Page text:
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Post edited 4 months ago by Intheswamp.
     
Oct 17, 2018 23:06 |  #49

Pigpen101 wrote in post #18730994 (external link)
Had a long, ranting post but deleted it when informed of the "no politics, no religion" rule.

I understand. I had a long, slobbering post typed up similar to your thoughts. Actually deleted one and wrote another...then said "what the hay", and ended of with the short reply. I guess I need to go back and delete my post being as it does pose as a question that could incite some verboten prose.


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Intheswamp
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Oct 17, 2018 23:31 |  #50

If a business in Freezurhiney, Minnesota can figure out how to market, sell, and collect payment for a pig-tailed toe-jam scraper to somebody in Swetitoff, Georgia, I feel comfortable that with encouragement from the taxing authorities that they can figure out how to report and pay sales taxes there.

It's kind of confusing, though. I just checked one of the big camera houses and put an item in the shopping cart and calculated the sales tax for my area. The rate came up to 8.5%. We have a 4% state, 3.5% county, and a 2.5% city tax....how'd it end up being 8.5%? :rolleyes:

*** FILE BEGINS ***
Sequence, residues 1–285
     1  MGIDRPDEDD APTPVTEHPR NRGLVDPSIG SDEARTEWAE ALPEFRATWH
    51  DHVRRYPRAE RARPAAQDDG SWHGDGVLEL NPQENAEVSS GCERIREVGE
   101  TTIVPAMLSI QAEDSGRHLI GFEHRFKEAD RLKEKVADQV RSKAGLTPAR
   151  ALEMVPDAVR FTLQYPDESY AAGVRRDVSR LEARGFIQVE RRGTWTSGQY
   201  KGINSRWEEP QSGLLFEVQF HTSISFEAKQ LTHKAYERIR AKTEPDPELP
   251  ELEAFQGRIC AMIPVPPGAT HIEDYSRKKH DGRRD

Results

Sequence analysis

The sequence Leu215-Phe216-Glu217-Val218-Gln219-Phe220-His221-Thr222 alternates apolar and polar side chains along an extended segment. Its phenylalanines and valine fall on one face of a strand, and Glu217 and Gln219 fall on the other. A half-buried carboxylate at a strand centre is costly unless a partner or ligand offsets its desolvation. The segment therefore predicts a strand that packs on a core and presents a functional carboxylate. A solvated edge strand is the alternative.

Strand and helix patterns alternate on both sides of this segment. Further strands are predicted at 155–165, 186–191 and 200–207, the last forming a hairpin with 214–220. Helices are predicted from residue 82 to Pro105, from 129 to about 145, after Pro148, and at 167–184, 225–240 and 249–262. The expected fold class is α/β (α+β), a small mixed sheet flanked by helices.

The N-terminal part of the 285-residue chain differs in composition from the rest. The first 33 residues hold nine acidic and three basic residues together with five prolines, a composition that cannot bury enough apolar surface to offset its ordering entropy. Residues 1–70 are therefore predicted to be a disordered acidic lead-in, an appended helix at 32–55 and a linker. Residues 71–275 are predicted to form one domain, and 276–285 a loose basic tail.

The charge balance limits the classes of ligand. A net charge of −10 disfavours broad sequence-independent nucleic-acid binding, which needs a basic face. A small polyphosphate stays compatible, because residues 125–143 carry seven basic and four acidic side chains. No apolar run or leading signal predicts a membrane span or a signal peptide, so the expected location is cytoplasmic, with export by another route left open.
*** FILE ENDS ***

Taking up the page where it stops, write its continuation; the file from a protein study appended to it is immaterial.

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Oct 20, 2018 19:12 |  #51

TeamSpeed wrote in post #18730074 (external link)
All will.... the Supreme Court ruling made it so. it was a terrible ruling, it will complicate matters and people will be taxed incorrectly due to each state's complicated food vs goods vs whatever. States will love it because they can just tell retailers to tax everything and there won't be any oversight as to what is being taxed that shouldn't be. This is an ethical black hole, IMO.